Effects of cold-water immersion compared with other recovery modalities on athletic performance following acute strenuous exercise in physically active participants: A systematic review, meta-analysis, and meta-regresssion.
Moore E, Fuller JT, Bellenger CR, Saunders S, Halson SL, Broatch JR, Buckley JD. Sports Med. 2022 Dec 17. doi: 10.1007/s40279-022-01800-1. Epub ahead of print. PMID: 36527593.
During recovery after exercise, cold-water immersion (CWI) offers comparable benefits to other recovery methods, including active recovery.
Cold-water immersion (CWI) is one of many methods intended to speed up recovery after training and competitions. However, it is unclear if CWI performs better than other commonly used recovery modalities.
The researchers performed a systematic review and meta-analysis to compare CWI to other modalities with respect to athlete perception, physiologic change, and exercise performance outcomes.
The authors identified 28 articles through an exhaustive literature search for articles meeting specific criteria: (1) peer-reviewed randomized controlled trials, (2) included physically active participants, (3) used CWI follow acute physical activity, (4) included another intervention for recovery, and (5) outcomes included recover of exercise performance, muscular power, or physiological, or perceptual markers of recovery. They excluded articles if the participants received CWI paired with another intervention or if participants completed more than one exercise session. The authors extracted data from included articles: publication information, study methodology, participant information, CWI protocol, comparator recovery protocol, and assessment measures. They then assessed the quality of each study with the SIGN checklist for randomized clinical trials. During analyses, the authors examined follow-up assessments at 1, 24, 48, and 72 hours after treatment. Alternative treatments typically included active recovery, massage, contrast water therapy, warm water immersion, and cryotherapy.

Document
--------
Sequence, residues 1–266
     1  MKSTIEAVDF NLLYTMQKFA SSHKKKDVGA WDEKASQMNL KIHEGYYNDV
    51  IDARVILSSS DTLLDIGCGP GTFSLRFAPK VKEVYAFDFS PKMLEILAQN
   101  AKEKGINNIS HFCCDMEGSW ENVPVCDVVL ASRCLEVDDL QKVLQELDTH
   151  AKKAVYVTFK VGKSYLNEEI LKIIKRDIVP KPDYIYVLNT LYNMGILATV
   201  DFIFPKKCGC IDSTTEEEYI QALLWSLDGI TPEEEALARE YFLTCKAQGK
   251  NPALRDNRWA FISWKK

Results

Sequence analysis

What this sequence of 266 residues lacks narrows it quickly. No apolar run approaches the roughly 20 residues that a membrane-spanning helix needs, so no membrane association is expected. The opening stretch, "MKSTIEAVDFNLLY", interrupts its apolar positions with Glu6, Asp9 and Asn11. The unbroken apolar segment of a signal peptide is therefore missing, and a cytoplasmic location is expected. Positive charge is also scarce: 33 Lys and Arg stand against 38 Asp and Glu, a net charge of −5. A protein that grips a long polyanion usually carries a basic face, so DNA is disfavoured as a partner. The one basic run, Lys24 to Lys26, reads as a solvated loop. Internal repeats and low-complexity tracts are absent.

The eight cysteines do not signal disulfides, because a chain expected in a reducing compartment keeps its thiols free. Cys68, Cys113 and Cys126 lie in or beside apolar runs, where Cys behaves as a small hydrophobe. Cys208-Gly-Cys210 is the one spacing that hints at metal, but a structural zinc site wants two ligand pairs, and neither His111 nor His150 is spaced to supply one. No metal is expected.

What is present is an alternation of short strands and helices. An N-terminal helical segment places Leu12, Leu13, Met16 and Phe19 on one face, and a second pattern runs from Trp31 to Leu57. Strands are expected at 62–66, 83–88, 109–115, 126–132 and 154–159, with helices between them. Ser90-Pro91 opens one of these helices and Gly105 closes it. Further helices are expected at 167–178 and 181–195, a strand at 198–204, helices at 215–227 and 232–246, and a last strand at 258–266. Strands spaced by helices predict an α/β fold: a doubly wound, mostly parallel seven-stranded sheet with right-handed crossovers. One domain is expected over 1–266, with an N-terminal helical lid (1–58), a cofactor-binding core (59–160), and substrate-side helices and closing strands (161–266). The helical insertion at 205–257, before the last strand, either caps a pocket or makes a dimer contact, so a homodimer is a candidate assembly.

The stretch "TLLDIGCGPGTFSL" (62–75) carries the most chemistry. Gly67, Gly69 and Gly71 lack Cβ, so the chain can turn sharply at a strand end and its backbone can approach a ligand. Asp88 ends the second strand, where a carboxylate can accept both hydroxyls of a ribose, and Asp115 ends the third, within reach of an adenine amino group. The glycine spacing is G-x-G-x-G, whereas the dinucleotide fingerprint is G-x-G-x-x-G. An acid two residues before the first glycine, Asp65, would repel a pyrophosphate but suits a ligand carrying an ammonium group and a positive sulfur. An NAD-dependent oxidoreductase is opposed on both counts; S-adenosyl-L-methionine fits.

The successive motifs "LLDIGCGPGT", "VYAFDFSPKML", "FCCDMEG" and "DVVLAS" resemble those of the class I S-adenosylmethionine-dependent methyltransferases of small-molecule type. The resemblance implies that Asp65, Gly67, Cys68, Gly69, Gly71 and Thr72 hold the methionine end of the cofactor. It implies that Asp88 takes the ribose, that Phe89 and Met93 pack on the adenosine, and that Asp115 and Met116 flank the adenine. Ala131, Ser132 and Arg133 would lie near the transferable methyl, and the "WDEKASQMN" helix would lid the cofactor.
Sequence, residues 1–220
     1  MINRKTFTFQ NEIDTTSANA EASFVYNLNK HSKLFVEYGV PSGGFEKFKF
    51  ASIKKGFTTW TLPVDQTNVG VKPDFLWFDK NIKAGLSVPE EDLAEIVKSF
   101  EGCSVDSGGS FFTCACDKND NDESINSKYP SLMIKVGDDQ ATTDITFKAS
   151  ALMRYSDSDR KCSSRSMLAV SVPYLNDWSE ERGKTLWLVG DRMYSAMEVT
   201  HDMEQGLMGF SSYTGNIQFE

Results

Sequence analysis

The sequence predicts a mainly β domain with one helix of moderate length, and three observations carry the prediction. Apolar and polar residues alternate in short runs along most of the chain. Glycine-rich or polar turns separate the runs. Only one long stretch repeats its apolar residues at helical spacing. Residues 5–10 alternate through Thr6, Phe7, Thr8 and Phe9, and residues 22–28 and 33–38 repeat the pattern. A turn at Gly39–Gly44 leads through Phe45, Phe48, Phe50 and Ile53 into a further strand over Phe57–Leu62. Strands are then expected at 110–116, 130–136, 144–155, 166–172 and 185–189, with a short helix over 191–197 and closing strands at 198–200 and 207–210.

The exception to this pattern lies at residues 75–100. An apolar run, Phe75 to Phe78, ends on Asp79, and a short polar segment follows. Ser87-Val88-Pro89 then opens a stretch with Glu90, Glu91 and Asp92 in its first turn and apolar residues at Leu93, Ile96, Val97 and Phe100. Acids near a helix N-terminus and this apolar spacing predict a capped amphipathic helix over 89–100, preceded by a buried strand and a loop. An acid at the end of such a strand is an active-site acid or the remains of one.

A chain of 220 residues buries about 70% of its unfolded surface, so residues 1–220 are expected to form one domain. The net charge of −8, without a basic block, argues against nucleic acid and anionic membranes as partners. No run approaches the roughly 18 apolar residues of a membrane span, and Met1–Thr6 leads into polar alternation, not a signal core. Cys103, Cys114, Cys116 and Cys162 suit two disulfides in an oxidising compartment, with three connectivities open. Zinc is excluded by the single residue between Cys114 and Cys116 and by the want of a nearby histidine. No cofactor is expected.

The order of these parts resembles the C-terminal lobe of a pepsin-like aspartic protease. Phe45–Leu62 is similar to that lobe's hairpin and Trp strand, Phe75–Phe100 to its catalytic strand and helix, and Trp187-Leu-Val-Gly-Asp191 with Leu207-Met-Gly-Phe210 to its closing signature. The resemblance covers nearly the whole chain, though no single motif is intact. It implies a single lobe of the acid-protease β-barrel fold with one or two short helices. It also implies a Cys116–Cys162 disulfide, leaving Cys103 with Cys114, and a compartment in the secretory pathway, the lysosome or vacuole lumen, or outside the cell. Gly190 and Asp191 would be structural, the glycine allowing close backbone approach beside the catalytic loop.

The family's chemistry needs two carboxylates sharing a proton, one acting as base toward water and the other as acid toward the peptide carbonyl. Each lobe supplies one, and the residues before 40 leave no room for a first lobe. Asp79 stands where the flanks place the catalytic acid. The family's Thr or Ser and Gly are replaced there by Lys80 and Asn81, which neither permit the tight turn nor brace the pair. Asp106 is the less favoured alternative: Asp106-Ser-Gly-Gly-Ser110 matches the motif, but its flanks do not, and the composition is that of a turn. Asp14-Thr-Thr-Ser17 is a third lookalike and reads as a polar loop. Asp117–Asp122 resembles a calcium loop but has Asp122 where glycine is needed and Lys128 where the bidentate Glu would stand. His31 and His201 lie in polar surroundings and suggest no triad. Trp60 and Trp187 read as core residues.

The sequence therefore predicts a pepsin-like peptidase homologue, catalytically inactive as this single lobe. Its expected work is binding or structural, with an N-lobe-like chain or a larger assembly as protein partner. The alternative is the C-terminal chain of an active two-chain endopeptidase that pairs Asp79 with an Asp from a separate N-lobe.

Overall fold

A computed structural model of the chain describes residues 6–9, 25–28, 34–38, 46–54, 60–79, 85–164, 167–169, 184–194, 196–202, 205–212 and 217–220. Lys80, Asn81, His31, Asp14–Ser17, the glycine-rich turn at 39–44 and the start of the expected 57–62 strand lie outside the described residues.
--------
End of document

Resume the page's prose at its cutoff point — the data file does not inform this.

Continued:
Overall, the quality of included studies was low, with only one deemed “high quality” and 24 being “acceptable quality.” Compared to other recovery methods, the authors found that CWI typically had limited or no effect on the perception of recovery and recovery of 1) delayed-onset muscle soreness, 2) power performance, 3) strength, 4) flexibility, or 5) physiological markers of muscle damage. Water temperature and treatment duration did not relate to outcomes after CWI.
Cold water immersion is comparable to other recovery modalities, if not slightly better. However, the exception was that air cryotherapy, which may outperform CWI, but future studies need to confirm this. Ultimately, CWI is more clinically accessible than air cryotherapy and should be acceptable since it is comparable to other recovery methods. In fact, there was almost no difference between active recovery and CWI, offering a more practical and easily accessible recovery method for recreationally active people and those without access to CWI. It would have been interesting to know if the results for CWI differed if the person did partial or whole-body immersion.
Clinicians must be mindful that CWI offers no to minimal improvement in recovery compared to alternative recovery methods. They should communicate these findings to patients so they can make informed treatment decisions about whether to perform CWI, air cryotherapy, or active recovery.
Questions for Discussion
In what circumstances do you, as a clinician, prefer CWI over other recovery methods? What feedback have you gotten from your patients?
Written by Kyle Harris
Reviewed by Jeffrey Driban
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